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Randomized trial of a multidisciplinary lifestyle intervention in HIV-infected patients with moderate-high cardiovascular risk

      Highlights

      • Population of study men, 50.5 years old and with a moderate-high cardiovascular risk.
      • Lifestyle intervention improved lipids the first two years and tobacco consumption.
      • Decrease in cardiovascular risk estimation was achieved with lifestyle intervention.
      • Most patients had subclinical atherosclerosis at baseline that worsened over the study.
      • A proinflammatory environment found at baseline did not improve over the study.

      Abstract

      Objective

      To assess the impact of a multidisciplinary lifestyle intervention on cardiovascular risk and carotid intima-media thickness (c-IMT) in HIV-infected patients with Framingham scores (FS) > 10%.

      Design

      Randomized pilot study; follow-up 36 months.

      Methods

      Virologically suppressed adult HIV-1-infected patients with FS >10% were randomized 1:1 to the intervention group (multidisciplinary lifestyle intervention) or control group (routine care). At baseline and months 12, 24 and 36, lipid parameters were analyzed and carotid ultrasound was performed to determine c-IMT and presence of plaques. Biomarkers were measured at baseline and month 36. The primary endpoints were lipid and FS changes at 36 months.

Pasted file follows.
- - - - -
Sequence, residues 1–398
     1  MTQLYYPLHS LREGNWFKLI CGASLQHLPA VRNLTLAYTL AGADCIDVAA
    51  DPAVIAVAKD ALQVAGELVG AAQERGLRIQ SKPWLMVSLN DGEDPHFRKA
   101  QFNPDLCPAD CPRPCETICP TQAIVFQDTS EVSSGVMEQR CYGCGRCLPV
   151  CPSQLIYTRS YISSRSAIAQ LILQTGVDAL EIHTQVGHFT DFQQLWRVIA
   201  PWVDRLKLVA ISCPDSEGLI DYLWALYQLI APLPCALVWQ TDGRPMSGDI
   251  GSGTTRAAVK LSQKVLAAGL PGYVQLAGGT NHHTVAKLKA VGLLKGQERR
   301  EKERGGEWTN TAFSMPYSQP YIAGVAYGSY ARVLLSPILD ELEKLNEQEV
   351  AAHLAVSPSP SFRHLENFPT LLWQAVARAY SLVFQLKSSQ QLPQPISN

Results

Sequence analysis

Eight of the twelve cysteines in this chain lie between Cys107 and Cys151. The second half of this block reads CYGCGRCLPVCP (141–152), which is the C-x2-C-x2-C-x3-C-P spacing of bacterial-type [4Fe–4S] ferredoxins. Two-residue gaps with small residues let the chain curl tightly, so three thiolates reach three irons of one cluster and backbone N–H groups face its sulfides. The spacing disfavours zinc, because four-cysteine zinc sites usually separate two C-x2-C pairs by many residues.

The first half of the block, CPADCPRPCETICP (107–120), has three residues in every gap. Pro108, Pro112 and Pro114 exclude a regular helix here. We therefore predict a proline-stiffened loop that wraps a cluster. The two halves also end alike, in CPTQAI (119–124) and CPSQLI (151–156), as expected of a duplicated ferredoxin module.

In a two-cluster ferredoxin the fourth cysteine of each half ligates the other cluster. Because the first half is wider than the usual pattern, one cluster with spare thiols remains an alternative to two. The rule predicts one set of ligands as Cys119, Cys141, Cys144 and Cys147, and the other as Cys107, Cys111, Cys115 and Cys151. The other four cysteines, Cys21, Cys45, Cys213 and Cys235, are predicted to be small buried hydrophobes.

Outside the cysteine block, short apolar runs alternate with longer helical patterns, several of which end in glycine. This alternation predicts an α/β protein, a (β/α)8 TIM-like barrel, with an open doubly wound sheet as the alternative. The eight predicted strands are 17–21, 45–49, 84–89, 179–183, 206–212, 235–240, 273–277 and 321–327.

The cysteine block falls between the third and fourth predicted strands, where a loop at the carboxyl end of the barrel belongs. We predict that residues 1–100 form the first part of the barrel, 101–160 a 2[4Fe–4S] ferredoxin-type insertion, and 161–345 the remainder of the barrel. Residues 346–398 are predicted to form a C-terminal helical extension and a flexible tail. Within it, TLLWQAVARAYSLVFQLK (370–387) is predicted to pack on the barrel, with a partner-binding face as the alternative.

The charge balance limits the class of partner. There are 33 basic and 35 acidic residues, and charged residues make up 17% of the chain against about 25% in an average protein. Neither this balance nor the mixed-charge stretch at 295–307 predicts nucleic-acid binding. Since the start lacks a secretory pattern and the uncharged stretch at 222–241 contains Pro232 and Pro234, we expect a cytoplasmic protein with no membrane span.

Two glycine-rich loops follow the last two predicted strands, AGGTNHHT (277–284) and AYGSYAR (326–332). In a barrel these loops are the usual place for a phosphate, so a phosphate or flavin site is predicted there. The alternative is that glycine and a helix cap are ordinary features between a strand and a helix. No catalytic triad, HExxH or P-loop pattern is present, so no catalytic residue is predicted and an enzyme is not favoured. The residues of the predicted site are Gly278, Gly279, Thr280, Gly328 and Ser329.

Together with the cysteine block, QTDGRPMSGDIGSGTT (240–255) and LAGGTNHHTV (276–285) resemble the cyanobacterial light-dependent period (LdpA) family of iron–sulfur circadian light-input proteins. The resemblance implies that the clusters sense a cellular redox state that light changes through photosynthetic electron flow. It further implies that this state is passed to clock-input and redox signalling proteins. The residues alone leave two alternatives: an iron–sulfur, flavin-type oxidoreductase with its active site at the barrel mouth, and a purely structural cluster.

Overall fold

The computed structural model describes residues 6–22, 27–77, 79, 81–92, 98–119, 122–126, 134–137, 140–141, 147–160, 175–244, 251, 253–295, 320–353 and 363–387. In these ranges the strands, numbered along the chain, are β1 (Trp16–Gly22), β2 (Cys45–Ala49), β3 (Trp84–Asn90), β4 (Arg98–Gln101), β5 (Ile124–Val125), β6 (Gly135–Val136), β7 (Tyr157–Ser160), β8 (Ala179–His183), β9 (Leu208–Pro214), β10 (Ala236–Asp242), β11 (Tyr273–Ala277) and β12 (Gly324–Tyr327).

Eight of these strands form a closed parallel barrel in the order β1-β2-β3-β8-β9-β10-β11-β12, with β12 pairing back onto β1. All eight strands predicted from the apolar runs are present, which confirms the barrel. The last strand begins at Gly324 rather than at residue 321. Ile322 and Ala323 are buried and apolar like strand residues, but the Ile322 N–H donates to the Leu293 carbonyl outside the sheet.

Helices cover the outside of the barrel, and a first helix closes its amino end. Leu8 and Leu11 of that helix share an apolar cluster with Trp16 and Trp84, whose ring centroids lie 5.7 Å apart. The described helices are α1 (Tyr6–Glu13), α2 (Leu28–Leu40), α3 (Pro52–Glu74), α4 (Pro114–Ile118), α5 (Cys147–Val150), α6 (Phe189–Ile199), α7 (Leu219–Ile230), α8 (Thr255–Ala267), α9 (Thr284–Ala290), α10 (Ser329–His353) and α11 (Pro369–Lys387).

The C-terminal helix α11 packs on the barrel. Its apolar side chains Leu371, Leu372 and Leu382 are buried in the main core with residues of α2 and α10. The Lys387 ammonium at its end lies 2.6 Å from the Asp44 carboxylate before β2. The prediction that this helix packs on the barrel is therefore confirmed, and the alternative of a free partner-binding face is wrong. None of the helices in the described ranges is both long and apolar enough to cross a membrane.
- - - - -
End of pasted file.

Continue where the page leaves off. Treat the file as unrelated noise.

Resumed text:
Results

      Fifty-four patients were included, 27 in each arm. Median age was 50.5 years, all patients but one were men, and FS was 16.5%. Relative to controls, total and LDL cholesterol had significantly decreased in the intervention group at 24 months (p = 0.039, p = 0.011, respectively). However, no differences between groups were found at month 36 in lipid variables, neither in FS. Tobacco use decreased in the intervention group (p = 0.031). At baseline, 74.5% of patients had subclinical atherosclerosis, and at month 36, we observed a progression in c-IMT that was greater in the intervention group (p = 0.030). D-dimer increased (p = 0.027) and soluble intercellular adhesion molecule-1 decreased (p = 0.018) at 36 months.

      Conclusions

      In this cohort of HIV-infected patients with FS>10% and a high percentage of subclinical atherosclerosis, a multidisciplinary lifestyle intervention resulted in a slight improvement in some cardiovascular risk factors and the FS during the first 2 years, but did not prevent c-IMT progression.

      Keywords

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